Tuesday, 26 July 2016

Elusive Butterfly - Bob Lind

Although overnight temperatures continue to be unseasonably low
we are still getting a few decent returns from the Moth Traps.
 LEAST YELLOW UNDERWING
usually difficult to see any 'yellow'.

 LARGE EMERALD
 CLOAKED MINOR
 MAGPIE
all new for the year, and the almost obligatory Macro is
ACLERIS FORSSKALEANA
22-SPOT LADYBIRD
 ALDER BUCKTHORN
 is a scarce plant in our neck of the woods but having shown the
Bee infested pollen some time ago, we are now able to give you
the fruits of their labour.
 On the other hand
GOLDFINCH
are common but no less thought of!
After that brief excurssion to the Heath, it was decided to visit one
(if not 'the) most productive areas for daytime Insects.
Those of you who have been with us for a while may remember the incident
where we (I) managed to quite badly damage the port quarter of that most beauty of beasts the
STRANGE ROVER ?
well this is the track.
Another border at the western edge of the farm seperating it from
Parley Heath.
It's just the Bright, Elusive Butterfly of Love!
Not abundant in Plant verieties but what is here is certainly attractive to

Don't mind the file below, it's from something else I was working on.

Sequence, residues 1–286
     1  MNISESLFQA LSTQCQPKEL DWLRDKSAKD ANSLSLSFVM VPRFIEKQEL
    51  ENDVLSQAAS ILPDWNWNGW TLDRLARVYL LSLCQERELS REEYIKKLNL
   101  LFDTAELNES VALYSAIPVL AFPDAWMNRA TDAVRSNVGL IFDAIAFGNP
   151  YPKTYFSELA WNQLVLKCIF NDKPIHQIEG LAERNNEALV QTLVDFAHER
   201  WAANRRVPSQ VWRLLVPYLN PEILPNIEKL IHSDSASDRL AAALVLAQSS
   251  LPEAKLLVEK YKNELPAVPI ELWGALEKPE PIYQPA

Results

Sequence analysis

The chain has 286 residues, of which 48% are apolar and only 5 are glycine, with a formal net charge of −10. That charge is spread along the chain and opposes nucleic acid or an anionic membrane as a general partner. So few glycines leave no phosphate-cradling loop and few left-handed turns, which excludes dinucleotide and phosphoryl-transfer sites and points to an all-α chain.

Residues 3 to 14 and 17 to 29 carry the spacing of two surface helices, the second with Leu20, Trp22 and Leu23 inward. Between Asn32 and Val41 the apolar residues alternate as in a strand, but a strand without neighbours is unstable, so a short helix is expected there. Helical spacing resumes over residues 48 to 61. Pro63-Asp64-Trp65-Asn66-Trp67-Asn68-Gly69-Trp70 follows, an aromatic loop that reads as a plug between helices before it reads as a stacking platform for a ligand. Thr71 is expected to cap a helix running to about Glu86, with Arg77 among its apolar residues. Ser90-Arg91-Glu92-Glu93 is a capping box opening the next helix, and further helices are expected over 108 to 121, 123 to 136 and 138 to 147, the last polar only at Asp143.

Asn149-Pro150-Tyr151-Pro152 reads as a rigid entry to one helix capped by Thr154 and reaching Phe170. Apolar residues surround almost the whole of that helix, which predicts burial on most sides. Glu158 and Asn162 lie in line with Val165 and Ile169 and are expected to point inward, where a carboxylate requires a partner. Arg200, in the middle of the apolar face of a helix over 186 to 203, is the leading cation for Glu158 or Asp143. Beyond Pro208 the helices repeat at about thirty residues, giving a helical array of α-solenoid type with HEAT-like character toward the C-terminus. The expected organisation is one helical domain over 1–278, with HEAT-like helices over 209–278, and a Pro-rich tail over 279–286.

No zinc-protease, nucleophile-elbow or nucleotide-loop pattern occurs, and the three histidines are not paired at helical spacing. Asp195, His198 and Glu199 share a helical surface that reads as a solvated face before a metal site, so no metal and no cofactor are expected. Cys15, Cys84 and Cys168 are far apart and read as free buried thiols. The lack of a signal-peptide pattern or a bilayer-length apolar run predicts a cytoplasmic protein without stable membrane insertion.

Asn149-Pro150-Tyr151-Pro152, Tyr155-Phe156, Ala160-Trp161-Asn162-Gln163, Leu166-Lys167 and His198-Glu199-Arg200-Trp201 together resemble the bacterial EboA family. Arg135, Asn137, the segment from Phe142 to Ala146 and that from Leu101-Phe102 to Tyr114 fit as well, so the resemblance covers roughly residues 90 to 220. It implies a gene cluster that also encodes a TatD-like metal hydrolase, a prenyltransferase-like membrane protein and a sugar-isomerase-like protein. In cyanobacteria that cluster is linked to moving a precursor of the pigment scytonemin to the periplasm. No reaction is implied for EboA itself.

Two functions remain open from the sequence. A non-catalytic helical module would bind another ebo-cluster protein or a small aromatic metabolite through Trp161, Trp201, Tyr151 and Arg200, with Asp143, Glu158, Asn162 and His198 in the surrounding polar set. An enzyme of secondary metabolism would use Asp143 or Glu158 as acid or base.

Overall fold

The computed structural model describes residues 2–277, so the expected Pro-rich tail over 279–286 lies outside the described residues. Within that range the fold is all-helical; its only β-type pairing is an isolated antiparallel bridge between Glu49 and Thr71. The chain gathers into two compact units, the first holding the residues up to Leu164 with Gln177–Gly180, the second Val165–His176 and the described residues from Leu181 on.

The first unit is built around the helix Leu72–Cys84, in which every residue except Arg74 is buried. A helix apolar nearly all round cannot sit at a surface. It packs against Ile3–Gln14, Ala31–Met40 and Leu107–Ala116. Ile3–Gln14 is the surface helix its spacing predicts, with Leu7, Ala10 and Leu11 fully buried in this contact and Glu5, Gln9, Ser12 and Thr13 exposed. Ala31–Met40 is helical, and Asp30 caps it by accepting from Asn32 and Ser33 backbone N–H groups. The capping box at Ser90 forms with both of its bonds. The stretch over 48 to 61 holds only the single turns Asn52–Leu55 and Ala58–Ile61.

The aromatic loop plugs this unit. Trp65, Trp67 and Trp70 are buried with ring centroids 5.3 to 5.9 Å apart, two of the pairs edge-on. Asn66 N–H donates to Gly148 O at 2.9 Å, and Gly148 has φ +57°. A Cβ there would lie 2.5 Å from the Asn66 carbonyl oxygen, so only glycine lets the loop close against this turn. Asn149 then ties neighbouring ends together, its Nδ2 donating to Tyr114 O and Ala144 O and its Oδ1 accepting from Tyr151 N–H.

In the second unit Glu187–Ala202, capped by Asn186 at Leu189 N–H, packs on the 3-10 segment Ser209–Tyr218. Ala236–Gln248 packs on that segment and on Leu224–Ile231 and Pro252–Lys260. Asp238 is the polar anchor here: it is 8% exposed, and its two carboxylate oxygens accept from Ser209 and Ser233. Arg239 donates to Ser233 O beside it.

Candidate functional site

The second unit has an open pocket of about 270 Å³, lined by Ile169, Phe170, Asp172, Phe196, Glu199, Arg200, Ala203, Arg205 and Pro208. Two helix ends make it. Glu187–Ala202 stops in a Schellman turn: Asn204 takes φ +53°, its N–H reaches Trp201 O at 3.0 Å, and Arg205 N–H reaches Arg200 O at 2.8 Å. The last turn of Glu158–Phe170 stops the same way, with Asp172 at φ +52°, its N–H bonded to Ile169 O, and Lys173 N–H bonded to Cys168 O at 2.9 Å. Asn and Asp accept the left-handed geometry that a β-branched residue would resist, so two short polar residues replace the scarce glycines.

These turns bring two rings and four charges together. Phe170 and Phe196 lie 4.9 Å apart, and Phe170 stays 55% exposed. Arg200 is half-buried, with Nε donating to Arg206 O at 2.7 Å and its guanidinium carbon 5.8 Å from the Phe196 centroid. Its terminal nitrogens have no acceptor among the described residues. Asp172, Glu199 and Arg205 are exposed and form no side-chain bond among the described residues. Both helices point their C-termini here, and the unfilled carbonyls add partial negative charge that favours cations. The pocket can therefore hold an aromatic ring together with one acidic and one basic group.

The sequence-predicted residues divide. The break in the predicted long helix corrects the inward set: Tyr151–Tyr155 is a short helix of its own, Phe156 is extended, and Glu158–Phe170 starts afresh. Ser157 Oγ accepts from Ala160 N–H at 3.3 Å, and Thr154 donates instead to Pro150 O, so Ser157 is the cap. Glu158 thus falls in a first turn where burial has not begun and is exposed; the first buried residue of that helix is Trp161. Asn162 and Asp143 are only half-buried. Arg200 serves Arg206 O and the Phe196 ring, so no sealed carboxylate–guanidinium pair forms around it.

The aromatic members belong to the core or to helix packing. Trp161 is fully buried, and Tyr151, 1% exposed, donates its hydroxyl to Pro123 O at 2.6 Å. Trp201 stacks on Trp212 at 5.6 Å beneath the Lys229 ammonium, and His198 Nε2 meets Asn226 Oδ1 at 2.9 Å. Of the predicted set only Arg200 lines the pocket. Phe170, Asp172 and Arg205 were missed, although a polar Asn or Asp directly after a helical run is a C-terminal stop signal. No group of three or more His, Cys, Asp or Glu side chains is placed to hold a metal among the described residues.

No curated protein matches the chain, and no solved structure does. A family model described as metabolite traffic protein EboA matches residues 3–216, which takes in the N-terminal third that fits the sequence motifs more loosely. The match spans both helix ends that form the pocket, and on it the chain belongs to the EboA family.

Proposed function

Butterflies et al.
 First up and perched on
GREATER BINDWEED
 LARGE SKIPPER
 ROSEBAY WILLOWHERB
and

 COMMA BUTTERFLY
on
MEADOW GRASS
and also on the far less welcom
RAGWORT
It was at this point that for the first time this year we heard the low-key cracking of
GORSE PODS
sending the next generation scattering to the wind.
ESSEX SKIPPER
on Ragwort, a new Species for here after a correction from Nick ? 
SMALL SKIPPER
on
KNAPWEED
 ROWAN or MOUNTAIN ASH
 are now bowing under the weight of berries but, particularly
juvenile
MISTLE THRUSH
 are taking full advantage of the bounty using the nearby Solar Panels as a springboard.
Something a little different, but not unexpected, was to follow as a magical
 GOLDEN-RINGED DRAGONFLY
landed in out path.
If truth was without, this was singularly the reason for visiting
this particular site, we were well rewarded!
Other Birds, associated with the Heath included juveniles of
 STONECHAT
and
 MEADOW PIPIT
but it was soon back to the Butterflies as
 RINGLET
RED ADMIRAL
SMALL TORTOISESHELL
and 
MEADOW BROWN
Finall, a rather daring
JACKDAW
landed right before us but didn't stay for more than a single shot!

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5 comments:

  1. Hi Bagsy

    Small Skipper on Ragwort is in fact an Essex Skipper - note short straight sex brand and neat black antennae tips.
    Cheers
    Nick

    ReplyDelete
  2. Many Thanks for Correction, a 'Tick' for here! Is that Mr Urch?

    ReplyDelete
    Replies
    1. Yup - it's me. Hope you can send in all butterfly records to Dorset butterflies.

      Delete
    2. GREAT to hear from you and never too big to be put right, 2 x cockups in that Post. Don't keep dedicated records of Butterflies, full time job with Birds and Moths, but will make a start and try to recoup this years sightings. Cheers Matey.

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